A simple song destroyed the walls of Jericho

Sheraton5SAN FRANCISCO — “This Little Light of Mine” knocked down the walls of Jericho for Tamam Tracy Moncur and thousands of demonstrators in the United San Francisco Freedom Movement.
“I was known for firing up This Little Light of Mine on the picket lines,” recalls the co-chair of the AdHoc Committee which brought an end to segregated employment by San Francisco hotels. “I had heard the Freedom Singers from Mississippi and they were very inspiring to me.”
Although just 18 years old at the time, Moncur could not have been better prepared to be a 20th century Joshua, as she recalled during a phone interview.  “My mother was a radical.  I was wearing an Afro in the 1950s before anybody even thought about it.  She was a playwright and a poet and an educator who had her own day care center in Berkeley where we learned black history.  We would go out and do presentations at churches and schools.”
At about seven or eight, she heard Dr. Martin Luther King Jr. at the Oakland Auditorium and soon thereafter Malcolm X at UC-Berkeley.  “My parents would take us up on the Berkeley campus to hear lectures.   They were both such riveting speakers.  I remember I was bored in the Oakland auditorium but when Martin Luther King Jr. came on, I paid full attention.”
When King urged students across the country to demonstrate at Woolworth’s, Sims and her high school colleagues at Berkeley High School picketed the Berkeley store.  Woolworth’s in Greensboro, N.C.,  was the site of one of the first sit-ins by four students from N.C. A&T State in 1961.
That same year, the Congress of Racial Equality launched its first Bay Area chapter, co-founded by Ella Hill Hutch, the receptionist from the ILWU headquarters.  The ILWU’s members were key financial supporters and volunteers during the Montgomery bus boycott which brought King to national attention.
When CORE began picketing in San Francisco to open up jobs at major employers, Sims had begun attending San Francisco State as a freshman, but picketing was second nature by then.  
“We’d been picketing Woolworth’s in Berkeley, so I knew how to keep folks motivated with a song,” she recalls.   Within a few sessions, she was seen as the leader of the San Francisco demonstrations.
“I was a lot better on the picket lines than the overall strategy,” said Moncur.

Ecstatic.  Tamam Tracy Moncur hugs Roy Ballard after announcing a settlement in the Sheraton Palace sit-ins on the front page of the S.F Examiner.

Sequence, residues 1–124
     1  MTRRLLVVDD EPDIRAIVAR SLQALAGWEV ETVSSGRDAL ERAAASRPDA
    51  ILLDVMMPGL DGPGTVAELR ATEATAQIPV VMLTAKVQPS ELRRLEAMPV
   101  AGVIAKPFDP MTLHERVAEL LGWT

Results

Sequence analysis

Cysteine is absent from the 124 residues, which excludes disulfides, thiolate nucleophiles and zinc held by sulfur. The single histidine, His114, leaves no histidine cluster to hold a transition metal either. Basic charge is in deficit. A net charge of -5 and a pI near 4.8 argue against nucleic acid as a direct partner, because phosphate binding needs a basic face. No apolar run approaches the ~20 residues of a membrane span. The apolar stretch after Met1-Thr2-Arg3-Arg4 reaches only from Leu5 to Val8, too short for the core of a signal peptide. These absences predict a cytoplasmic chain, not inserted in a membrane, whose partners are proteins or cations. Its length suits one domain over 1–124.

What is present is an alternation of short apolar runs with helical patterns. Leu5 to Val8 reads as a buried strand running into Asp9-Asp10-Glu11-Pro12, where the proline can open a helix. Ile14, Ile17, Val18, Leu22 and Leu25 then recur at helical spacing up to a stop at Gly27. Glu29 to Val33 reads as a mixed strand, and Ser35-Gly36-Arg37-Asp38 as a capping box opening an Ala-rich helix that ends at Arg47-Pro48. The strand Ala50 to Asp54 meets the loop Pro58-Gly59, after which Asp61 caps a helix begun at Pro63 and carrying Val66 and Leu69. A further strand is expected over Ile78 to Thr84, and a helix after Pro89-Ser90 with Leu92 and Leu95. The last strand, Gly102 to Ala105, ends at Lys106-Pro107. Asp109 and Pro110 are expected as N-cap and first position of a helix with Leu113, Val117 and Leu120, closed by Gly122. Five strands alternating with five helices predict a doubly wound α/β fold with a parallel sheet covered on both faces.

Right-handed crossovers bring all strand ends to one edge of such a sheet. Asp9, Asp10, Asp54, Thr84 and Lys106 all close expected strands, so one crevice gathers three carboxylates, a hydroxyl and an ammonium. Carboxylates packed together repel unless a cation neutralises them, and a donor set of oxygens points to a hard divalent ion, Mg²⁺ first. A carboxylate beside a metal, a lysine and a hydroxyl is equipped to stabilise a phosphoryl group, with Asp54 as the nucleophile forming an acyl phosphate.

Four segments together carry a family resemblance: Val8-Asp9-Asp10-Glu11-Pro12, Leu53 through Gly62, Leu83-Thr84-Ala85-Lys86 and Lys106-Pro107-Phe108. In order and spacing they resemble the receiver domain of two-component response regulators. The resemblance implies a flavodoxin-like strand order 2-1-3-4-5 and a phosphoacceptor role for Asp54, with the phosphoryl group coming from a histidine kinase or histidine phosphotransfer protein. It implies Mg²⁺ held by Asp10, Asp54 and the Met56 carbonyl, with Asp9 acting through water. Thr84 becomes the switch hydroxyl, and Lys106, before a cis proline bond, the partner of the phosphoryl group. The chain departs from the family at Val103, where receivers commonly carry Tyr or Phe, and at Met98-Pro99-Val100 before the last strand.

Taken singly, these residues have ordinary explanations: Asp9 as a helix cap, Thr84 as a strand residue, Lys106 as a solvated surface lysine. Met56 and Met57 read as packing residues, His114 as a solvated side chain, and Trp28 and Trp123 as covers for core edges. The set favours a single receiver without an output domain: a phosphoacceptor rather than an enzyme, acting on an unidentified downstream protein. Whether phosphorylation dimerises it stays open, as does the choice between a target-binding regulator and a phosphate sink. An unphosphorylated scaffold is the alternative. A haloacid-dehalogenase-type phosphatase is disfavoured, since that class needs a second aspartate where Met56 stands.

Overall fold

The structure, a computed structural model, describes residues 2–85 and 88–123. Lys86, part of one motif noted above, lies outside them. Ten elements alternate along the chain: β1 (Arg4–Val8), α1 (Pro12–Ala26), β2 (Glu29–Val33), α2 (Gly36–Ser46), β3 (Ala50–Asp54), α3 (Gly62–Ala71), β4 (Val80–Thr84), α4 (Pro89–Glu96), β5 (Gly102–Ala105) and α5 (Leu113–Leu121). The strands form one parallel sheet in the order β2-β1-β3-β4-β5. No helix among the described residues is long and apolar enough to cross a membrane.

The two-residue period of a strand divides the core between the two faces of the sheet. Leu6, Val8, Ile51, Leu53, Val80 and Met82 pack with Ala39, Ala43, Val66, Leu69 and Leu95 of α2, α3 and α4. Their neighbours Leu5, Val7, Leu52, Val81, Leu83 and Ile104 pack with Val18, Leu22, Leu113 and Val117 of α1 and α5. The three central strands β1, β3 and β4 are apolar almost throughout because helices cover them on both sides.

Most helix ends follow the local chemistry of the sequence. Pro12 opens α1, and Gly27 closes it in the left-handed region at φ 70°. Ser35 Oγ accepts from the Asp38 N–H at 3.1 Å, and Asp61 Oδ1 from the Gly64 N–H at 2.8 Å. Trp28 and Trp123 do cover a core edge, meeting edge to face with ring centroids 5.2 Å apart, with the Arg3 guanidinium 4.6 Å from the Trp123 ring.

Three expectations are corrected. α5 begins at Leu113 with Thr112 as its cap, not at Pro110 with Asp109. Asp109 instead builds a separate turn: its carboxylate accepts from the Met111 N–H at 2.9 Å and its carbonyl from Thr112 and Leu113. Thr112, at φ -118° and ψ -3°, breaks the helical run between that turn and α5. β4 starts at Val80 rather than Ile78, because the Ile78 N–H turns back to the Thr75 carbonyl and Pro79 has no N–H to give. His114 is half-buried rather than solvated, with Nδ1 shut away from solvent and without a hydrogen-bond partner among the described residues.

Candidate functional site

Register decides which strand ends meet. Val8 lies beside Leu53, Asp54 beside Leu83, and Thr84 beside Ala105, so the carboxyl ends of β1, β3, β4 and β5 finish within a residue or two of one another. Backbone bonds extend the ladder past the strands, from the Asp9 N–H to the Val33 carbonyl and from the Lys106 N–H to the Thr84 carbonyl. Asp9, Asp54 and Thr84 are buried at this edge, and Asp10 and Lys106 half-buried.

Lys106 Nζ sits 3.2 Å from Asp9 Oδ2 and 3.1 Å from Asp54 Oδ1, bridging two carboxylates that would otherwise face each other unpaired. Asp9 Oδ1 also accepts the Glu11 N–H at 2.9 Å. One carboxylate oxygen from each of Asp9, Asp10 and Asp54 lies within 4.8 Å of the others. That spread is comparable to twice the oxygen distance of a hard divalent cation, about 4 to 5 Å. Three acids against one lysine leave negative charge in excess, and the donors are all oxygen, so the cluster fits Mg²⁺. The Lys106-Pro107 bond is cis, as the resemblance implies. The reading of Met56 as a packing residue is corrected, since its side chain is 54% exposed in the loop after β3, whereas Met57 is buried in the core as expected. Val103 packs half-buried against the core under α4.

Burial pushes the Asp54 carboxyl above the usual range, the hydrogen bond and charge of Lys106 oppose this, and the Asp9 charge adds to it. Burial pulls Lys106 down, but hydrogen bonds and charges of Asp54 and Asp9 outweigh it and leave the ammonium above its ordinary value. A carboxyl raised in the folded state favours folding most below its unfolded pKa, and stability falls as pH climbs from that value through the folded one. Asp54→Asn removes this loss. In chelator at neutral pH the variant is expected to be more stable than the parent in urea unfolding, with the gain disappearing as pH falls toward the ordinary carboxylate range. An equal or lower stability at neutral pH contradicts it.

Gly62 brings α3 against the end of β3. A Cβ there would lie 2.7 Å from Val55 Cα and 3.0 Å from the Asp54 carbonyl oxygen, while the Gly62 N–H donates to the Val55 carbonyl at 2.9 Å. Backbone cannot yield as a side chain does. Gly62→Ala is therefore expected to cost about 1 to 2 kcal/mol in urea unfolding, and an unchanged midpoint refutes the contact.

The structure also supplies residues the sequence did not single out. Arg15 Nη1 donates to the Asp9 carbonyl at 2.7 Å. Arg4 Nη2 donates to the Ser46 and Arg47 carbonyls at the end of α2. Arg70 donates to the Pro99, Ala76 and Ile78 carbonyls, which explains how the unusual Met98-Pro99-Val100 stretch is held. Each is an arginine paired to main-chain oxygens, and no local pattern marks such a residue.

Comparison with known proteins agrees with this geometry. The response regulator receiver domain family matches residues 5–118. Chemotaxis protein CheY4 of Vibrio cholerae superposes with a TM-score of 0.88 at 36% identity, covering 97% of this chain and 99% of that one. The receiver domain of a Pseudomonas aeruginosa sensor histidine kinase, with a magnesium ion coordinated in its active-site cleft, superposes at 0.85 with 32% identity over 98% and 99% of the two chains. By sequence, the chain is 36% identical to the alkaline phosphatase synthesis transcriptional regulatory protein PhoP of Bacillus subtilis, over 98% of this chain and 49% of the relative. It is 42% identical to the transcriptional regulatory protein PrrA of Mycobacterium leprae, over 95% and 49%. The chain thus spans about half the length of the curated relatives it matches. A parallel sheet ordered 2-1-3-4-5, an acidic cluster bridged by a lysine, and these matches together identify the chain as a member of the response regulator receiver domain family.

Ecstatic. Tamam Tracy Moncur hugs Roy Ballard after announcing a settlement in the Sheraton Palace sit-ins on the front page of the S.F Examiner.
For much of 1963 and 1964, her every pronouncement was front page news.  When she promised a thousand demonstrators at the Sheraton Palace Hotel, they showed up two days later.  The next morning, Mayor John Shelley worked out an agreement for all 35 major hotels in the city to promise equal opportunity hiring.  
Sims made the announcement from a counter in the hotel.  “We were ecstatic.   It was a good feeling.  We were hopeful and idealistic.”
Part of the deal was to drop charges against the demonstrators, but a county judge continued the trials.   In Moncur’s case, only she was found guilty, a case that was appealed all the way to the U.S. Supreme Court.
“I was devastated,” said Moncur, who moved to New York with her mother six months later to pursue a career as a jazz pianist and poet.  
“I’ve spent most of the last 50 years thinking about it as little as possible,” she revealed.  Marrying another musician, trombonist/composer Grachan Moncur, she has raised six children and now has seven grandchildren.  For more than 25 years, she taught elementary school in Newark, writing a book The Diary of an Inner City Teacher.
She’s also on YouTube with two poems, Black Boy Mother’s Blues and Stop Bashing Teachers Stop!
Moncur sees a need for the renewal of that hope among this generation of youth.  “My 16-year-old grandson is taking an interest in what I did back in the 1960s,” she noted.  “What today’s young people have to deal with is so much more intense than anything we encountered, or even what my children had to deal with.  My daughter teaches high school and you won’t believe how many funerals they attend.”
The importance of music to the United San Francisco Freedom Movement is the focus of an entire panel in Students and Scholars Marching for Civil Rights, an exhibition being shown in local hotels to mark the 50th anniversary of the civil disobedience.
Moncur’s musical skill was not unique among the core organizers.  John Handy, a CORE vice president, had just returned from six years as a jazz soloist in New York City; and Ray Taliaferro, the 23-year-old minister of music at Third Baptist Church, was conducting joint performances between the church  choir and the San Francisco Symphony.
The role of music in the demonstrations may have inspired the Sly and the Family Stone song “A Simple Song at Last,” which specifically connects walking and singing in its lyrics.  Stone was a leading disc jockey in the Bay Area on black radio during the period.
Musical traditions in San Francisco’s African-American community go back to the “Ethiopian airs” heard in Gold Rush mining camps in 1849.   Third Baptist and two other black churches founded in 1852 presented operas and did extensive music training.  The first colored school, opened in 1854, required students to play at least two instruments and speak two languages.  As late as 1920, musician was the leading profession for black workers in San Francisco, according to the U.S. Census.

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